Today, we announced the launch of FLOSYS, a new real time tool that will help our business better understand the environmental and fuel performance of the aircraft we provide a service to.

This means that our controllers will be able to see the 3Di score for every flight, going back up to 12 months, and see which performed particularly well, which didn’t and to start asking the question why.

And of course it’s the ‘why’ that is the most important. Even with the best will in the world it is impossible to provide an environmentally optimised service to every single aircraft, every day. It’s certainly what we aspire to but a few thunderstorms, for example, can very quickly see us having to tear up our normal plans and procedures.

Flosys 3

Data can be filtered by airspace sector, the departing and destination airport, route taken and callsign.

But it is our hope that by giving our controllers and the wider business access to this kind of immediate and very granular data, we can better understand why some flights achieve a very high level of environmental and fuel efficiency and why others don’t. Armed with that kind of data driven intelligence we can then start of the process for identifying areas where we can save our airline customers fuel, time and CO2, whether that’s through more direct routes, smoother climbs and descents or changes to airspace structures.

We have an interim target to save an average of 4% of CO2 from the average flight by the end of this year ahead of saving 10% by 2020, so initiatives like FLOSYS are absolutely vital to our progress.

Flosys 1

Controllers can view any individual flight going back up to 12 months.

FLOSYS has been in the works in one form or another for the past two years. It started with the simple desire to get more data into the hands of our operational people. As you might expect, NATS handles enormous quantities of data every day but traditionally there has been no way to get easy or immediate access to it.

We started working with Altran Prime, with the first step being to talk to our operational employees to understand exactly what data they wanted and what would be useful. Then, together with SPACE – our in-house innovation lab – Altran Prime built a prototype using some mocked up data as a proof of concept.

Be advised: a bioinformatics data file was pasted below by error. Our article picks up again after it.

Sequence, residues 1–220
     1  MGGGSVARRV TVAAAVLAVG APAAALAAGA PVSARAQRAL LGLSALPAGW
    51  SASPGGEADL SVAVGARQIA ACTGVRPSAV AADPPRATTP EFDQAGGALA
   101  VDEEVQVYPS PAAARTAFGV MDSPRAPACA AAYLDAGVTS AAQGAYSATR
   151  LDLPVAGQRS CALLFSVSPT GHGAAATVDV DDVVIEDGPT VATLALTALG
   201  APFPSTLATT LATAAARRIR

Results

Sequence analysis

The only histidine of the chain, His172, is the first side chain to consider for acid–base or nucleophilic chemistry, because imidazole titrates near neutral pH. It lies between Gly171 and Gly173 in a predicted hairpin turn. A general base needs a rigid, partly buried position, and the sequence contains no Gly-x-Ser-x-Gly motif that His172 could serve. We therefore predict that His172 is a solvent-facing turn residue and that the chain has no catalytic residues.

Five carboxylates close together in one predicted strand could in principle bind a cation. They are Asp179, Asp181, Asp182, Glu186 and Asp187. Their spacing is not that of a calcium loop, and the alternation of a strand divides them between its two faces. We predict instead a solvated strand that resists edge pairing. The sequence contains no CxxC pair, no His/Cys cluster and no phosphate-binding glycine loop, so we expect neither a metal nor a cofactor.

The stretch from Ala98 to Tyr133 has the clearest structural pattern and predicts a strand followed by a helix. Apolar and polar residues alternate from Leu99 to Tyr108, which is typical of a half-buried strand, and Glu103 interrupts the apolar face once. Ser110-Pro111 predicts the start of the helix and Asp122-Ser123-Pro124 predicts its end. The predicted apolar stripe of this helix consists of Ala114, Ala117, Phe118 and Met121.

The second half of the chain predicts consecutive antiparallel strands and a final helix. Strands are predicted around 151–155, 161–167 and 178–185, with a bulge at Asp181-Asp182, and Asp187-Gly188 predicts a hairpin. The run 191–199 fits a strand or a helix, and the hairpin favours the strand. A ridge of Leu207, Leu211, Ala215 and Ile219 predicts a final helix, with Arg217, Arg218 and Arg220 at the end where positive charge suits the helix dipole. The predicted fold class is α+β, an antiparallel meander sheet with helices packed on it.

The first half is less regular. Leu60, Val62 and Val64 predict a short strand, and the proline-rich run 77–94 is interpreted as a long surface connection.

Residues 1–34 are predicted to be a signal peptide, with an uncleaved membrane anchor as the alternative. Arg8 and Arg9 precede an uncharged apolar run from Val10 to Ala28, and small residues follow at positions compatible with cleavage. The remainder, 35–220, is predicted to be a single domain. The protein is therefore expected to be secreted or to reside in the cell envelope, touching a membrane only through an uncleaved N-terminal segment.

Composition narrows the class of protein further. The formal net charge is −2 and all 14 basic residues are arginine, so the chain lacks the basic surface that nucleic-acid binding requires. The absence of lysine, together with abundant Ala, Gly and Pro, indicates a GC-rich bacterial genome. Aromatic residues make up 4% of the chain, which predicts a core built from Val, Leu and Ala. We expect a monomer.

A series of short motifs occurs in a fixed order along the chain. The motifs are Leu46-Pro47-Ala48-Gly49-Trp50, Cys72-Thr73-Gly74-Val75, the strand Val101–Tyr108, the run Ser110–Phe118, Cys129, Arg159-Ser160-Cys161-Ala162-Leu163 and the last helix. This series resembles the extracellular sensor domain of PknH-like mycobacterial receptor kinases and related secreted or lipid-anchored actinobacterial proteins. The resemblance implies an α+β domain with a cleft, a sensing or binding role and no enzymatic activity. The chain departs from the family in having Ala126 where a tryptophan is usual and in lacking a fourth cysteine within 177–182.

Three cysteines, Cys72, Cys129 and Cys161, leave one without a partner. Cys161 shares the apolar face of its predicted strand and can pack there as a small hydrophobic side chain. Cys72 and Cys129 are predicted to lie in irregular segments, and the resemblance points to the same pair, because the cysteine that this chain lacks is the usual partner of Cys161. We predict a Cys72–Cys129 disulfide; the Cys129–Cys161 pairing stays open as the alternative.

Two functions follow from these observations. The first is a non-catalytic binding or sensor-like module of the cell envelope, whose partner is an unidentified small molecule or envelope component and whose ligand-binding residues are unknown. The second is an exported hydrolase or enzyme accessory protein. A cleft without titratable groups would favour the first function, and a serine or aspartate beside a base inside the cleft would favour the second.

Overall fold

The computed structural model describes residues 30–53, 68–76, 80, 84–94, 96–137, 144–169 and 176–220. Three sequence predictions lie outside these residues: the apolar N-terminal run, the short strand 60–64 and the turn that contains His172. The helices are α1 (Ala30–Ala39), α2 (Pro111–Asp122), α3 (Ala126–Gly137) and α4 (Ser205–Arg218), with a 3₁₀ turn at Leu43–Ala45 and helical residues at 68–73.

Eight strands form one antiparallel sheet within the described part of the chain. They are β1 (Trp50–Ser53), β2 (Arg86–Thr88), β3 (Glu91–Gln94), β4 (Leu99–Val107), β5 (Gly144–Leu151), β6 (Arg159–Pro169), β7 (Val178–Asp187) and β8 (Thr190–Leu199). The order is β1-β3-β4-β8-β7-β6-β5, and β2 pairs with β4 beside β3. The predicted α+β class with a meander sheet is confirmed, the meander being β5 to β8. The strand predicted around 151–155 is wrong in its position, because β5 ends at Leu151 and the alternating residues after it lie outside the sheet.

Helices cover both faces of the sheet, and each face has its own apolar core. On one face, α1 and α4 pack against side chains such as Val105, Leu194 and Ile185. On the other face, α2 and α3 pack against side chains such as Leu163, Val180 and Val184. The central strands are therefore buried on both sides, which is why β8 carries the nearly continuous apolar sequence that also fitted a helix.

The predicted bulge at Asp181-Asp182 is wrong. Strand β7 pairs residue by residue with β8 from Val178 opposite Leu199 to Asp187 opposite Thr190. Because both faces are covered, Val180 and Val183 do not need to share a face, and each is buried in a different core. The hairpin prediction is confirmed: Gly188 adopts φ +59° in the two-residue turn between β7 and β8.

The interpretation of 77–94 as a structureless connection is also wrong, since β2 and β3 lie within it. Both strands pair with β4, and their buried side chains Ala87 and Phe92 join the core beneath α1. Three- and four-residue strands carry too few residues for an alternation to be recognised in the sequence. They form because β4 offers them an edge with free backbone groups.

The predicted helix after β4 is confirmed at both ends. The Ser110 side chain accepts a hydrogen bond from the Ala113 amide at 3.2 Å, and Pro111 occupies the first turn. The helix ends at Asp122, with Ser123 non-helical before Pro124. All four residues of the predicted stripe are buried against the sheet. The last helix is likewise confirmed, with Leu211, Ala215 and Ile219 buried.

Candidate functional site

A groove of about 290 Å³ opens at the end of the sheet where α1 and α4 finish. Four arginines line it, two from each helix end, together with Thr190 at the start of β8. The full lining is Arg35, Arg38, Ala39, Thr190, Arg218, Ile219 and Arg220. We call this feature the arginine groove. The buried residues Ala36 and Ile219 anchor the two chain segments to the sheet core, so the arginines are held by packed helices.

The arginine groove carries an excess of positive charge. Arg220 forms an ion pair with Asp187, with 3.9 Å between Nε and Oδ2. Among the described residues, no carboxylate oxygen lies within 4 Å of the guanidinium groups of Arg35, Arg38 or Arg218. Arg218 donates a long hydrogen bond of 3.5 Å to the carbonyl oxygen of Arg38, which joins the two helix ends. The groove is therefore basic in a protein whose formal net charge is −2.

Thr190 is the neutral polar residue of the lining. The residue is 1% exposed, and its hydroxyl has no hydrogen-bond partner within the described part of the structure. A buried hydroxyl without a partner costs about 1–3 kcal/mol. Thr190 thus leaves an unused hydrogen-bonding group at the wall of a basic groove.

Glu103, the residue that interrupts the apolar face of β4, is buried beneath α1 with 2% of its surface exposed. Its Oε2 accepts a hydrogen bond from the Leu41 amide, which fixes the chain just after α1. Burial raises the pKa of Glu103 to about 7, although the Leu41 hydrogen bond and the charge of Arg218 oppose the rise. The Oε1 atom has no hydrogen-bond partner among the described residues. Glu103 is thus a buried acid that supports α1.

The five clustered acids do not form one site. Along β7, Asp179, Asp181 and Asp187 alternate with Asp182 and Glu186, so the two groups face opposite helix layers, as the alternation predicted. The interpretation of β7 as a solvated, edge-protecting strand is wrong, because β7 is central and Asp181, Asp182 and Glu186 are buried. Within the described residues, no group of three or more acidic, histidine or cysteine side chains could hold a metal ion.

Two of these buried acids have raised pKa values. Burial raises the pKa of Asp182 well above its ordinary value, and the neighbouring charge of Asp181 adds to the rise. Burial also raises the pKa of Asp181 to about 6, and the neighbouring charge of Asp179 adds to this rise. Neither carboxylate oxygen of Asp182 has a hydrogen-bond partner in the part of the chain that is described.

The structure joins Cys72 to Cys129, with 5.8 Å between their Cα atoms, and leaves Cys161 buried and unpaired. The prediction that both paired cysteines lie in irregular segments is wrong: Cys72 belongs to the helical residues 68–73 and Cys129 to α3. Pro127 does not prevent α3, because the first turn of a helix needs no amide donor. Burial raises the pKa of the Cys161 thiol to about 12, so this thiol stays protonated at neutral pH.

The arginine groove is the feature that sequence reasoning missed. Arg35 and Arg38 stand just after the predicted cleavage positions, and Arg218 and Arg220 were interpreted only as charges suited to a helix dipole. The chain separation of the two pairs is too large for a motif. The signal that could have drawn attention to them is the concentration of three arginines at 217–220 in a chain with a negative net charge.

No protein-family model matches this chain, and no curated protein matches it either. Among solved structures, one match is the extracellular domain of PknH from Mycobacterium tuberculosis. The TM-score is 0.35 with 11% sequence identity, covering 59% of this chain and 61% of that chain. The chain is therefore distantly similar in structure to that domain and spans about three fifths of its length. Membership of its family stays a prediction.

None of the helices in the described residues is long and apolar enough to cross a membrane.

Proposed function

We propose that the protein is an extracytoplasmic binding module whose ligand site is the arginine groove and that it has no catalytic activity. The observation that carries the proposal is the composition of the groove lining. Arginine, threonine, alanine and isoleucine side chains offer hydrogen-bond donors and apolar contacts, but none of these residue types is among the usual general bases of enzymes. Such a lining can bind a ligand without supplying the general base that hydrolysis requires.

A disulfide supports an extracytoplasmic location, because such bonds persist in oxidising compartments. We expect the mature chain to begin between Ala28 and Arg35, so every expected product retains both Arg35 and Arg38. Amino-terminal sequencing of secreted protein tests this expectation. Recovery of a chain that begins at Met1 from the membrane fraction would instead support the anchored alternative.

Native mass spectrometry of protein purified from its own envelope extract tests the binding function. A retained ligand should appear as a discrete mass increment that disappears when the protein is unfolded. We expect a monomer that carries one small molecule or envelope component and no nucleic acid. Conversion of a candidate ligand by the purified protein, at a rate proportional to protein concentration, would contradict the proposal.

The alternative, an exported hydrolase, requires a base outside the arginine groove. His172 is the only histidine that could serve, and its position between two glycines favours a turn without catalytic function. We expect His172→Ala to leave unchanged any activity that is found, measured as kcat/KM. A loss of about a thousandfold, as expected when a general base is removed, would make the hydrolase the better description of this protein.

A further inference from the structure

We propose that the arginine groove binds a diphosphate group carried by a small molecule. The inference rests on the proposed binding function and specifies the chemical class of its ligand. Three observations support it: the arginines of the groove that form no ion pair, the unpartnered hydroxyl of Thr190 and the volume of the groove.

The challenge was then to bring the idea to life by accessing a live feed of UK radar data and visualising it. Working together with Altran UK and Lockheed Martin, we built two further prototypes before arriving at the end product we launched today: a near real time feed of UK flight data, coupled with a web based interface that is both a powerful tool and simple to access and maintain.

The teams at Swanwick Centre will be the first to have FLOSYS access, with controllers being able to drill down to individual flights, routes or airspace sectors, and all being well we want to roll it out across the NATS operation next year.


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Belinda Raven

Is FLOSYS the reason we are experiencing much greater aircraft noise in Ascot?



Sharon Pickles

You mention FLOYS as a way to improve environmental efficiency and reduce airline costs. Noise levels in areas around Heathrow have increased post recent trials.What emphasis will be placed on resident quality of life versus benefits to airlines since altitudes of 4,000-7,000ft with Airbus planes in particular are very disruptive?




Is this why we are getting so much more noise on the ground than we used to? Perhaps you need to factor ground noise into your system or public opinion may reduce the environmental impact of aircraft more than you could ever do.




Very interesting project. Is it included into the SESAR program?

Hi Belinda, Sharon and the Paige family,

Thank you for taking the time to comment. FLOSYS does not currently take account of noise, given that it is tailored specifically for emissions and fuel burn reductions. Noise relating to aircraft using airports like Heathrow is regulated by the Government and aircraft are not allowed to deviate from noise preferential routes until above 4000ft. But, at NATS we do a lot of work with airports and airlines as well as community groups such as HACAN to address the noise from aircraft, for instance: and .

We also provide information about noise impacts on our website:





Simon Byerley

Ian, you state ‘aircraft are not allowed to deviate from noise preferential routes until above 4000ft.’ Residents of Warnham and Rusper experienced the complete opposite this Summer and we in West Kent are now bombarded with continual arrivals aircraft – will technological advancements such as FLOSYS be deployed to the benefit of communities living under flight paths as well as airports such as Gatwick and Heathrow? Our lives are more important than profit surely? Discuss




Ian you say aircraft are not allowed to deviate from noise routes, but that’s not the whole truth is it? Can’t air traffickers take aircraft off the routes? And if so, is there a scenario whereby that might happen to reduce fuel burn, and increase noise on the ground?Thank you, Lewis


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